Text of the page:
Orange Clockwork: the steady rise of Shakhtar Donetsk

by Chris Glover

The Orange Revolution is one of the defining moments in independent Ukraine’s short history which saw hundreds of thousands of protesters take to the streets and eventually overturn the election of Viktor Yanukovych. There is, however, another rising of orange in Ukraine, and while not as impactful on the world stage, it could have a real impact on the Champions League in this and future seasons.

The ‘oligarch’ era in football ownership has often seen owners demand immediate results and success, regardless of the infrastructure or history in place at a club. Roman Abramovich is the classic example here, currently employing his 6th manager since taking charge in June 2003. These demands of expecting too much too soon are almost a microcosm for the earlier struggles of Ukraine as it emerged as an independent state. Throw money at a problem and a solution can be found, and if one isn’t, then find someone new to manage the process.

So far at least, the changes at Shakhtar have been less of a revolution, so much as a slow transformation, based on long term planning and strategic thought. The appointment of Mircea Lucescu appears to have been inspired, though he was far from an obvious candidate for long term success. Lucescu has bounced around Europe for most of his career, failing to stick in one place for more than a couple of seasons since leaving Brescia in 1996. This period included a short lived stint at Inter Milan where Lucescu lasted just 22 games before being shown the door.

At Shakhtar though, his arrival and subsequent approach have been a perfect fit. With a focus on finding young talent abroad to play his brand of attacking football, Lucescu has drawn comparisons to Arsene Wenger, though Shakhtar fans may even contest that this comparison is not favourable enough given the five league titles and Uefa Cup he has delivered in just six seasons.

The model for success is no secret as Jonathan Wilson summarises; “[they] buy Brazilians to play in the creative and attacking roles, and eastern Europeans to play at the back”. Those Brazilians include one who will be very familiar to Wenger in Eduardo (I know, I know, he’s “Croatian”) along with several highly rated youngsters like Douglas Costa and Fernandinho. Make no mistake though, this is not the New York Cosmos buying Pele in the twilight of his career. Costa, Fernandinho, Alex Teixeira and Willian had an average age of just 19 when signed, for a total cost of £30m. They represent some of the most sought after talent on the continent and at least a couple of them will likely play in one of the major European leagues in the next few years (Costa has already been linked with a move to the Premier League).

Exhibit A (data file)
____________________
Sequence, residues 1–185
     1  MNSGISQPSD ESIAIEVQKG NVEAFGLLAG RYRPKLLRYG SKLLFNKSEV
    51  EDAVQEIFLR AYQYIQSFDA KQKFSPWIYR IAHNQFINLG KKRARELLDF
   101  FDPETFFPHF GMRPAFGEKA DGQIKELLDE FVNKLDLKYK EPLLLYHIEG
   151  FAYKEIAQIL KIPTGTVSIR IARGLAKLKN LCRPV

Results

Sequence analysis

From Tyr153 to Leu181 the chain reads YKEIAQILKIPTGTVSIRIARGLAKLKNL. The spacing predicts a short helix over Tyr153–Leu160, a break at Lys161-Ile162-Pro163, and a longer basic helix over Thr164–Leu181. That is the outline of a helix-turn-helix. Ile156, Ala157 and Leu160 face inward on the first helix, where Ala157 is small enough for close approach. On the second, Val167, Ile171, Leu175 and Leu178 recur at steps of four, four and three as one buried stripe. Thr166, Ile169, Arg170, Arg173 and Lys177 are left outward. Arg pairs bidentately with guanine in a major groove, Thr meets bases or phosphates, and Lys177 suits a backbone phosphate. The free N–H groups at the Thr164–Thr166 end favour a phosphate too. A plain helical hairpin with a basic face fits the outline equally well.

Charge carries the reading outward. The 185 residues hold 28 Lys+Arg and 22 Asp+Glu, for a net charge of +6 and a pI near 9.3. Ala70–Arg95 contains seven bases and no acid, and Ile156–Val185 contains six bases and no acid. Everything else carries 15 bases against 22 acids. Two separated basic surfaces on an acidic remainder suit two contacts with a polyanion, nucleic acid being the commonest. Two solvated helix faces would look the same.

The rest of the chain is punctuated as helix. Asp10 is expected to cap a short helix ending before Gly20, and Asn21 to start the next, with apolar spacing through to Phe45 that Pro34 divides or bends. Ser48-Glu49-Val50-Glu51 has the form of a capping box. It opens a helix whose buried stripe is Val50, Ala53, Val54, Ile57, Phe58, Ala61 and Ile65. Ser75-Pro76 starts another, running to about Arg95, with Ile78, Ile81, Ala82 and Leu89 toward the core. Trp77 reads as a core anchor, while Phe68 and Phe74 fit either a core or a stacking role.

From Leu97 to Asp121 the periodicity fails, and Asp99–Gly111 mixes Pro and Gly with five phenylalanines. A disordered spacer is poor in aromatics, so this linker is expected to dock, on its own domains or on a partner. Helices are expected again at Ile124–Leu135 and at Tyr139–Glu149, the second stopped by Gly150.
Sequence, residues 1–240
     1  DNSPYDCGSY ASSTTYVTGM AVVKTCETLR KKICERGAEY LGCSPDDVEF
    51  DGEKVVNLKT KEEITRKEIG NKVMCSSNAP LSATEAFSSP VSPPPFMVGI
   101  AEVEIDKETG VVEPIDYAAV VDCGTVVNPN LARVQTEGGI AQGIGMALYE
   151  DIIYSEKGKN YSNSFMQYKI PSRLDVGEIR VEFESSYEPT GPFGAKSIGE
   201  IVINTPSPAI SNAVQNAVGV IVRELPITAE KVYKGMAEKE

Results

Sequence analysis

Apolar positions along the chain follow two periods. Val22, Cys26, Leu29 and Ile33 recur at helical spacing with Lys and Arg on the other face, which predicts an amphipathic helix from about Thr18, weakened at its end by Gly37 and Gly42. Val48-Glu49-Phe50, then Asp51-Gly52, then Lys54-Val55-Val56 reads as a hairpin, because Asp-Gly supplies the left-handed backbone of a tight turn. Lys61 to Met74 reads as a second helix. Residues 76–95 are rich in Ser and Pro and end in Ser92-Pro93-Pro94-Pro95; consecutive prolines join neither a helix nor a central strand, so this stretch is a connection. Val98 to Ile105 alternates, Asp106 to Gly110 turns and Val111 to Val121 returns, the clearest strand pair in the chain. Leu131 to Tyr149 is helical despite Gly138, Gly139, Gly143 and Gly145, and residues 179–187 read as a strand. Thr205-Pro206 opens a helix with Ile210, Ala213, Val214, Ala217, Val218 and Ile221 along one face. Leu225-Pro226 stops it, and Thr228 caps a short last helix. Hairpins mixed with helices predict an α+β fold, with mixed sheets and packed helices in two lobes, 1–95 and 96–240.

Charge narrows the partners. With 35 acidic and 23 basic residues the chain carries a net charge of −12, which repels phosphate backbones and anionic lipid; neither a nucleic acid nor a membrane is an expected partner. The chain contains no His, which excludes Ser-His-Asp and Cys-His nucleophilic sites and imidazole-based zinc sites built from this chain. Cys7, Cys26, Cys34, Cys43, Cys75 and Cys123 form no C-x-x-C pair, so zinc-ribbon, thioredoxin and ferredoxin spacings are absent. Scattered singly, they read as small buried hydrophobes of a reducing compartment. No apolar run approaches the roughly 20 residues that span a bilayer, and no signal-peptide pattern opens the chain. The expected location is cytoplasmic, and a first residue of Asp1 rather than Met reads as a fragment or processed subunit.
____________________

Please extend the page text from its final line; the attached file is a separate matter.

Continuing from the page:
With success being steady rather than spectacular in the Champions League, will Rinat Akhmetov be able to keep his patience? He has done an admirable job to date of developing the club’s infrastructure (including the highly impressive Donbass Arena) while staying out of day-to-day football operations. Recent interviews suggest he has a determination to take the next steps but he has also exhibited a resolve to develop the team naturally, which will hopefully continue as others around him lose their nerve.

Shakhtar take the field tonight as group winners, and were fairly dominant aside from the 5-1 anomaly against Arsenal (they only conceded once more in their other 5 games). Not unlike their opponents in that game, it is Shakhtar’s penchant for the odd defensive collapse which could hinder their progress to the quarter finals in this, and future, years but there is real hope for their long term progress thanks to the stability instilled at the club. Where others have looked for revolution, the resolution of Akhmetov and Lucescu is serving the club well and they are in a good position to take the next step on the long journey against Roma tonight.

A lack of depth in competition in the Ukrainian Premier League – Shakhtar and Dynamo Kyiv have won every title bar one since the league’s existence in 1992 – may prevent Shakhtar developing into a true elite force in European competitions but their strong development should ensure that their Orange revolution lasts longer than Mr Yushchenko’s.

3 Responses

  1. Michael says:

    Great stuff, though they wouldn’t like the comparison with Yushchenko in the Donbass ;)
    I doubt the lack of depth in Ukrainian football will affect Donetsk (it isn’t, after all, much worse than in Spain) as much as the difficulty in attracting the kind of players you need to win a genuinely elite competition. They do well bringing through young players (five under 21s played in their side against Braga), but you can’t imagine the likes of Fabregas, Ronaldo or Villa turning up there at the peak of their careers.

  2. Chris Glover says:

    I realised as I was writing it that Donetsk was one of the areas of strongest support for Yanukovych but I liked the loose metaphor and stuck with it. I may have to cross Donetsk off my list of holiday destinations for a while though ;)

    Totally agree on lack of depth – the issue is attracting top players in their prime or holding onto youngsters for a couple more years.

  3. Sam says:

    My one probably with Ukrainian football is that the league generates no prize money meaning the only way to make profits over the course of a season is by doing well in Europe. However, past Shakhtar, Dnipro, Dynimo Kiev & Metalist it’s tough for another team to try and compete. Shakhtar are just a team who consistency did well in europe in order to spend.

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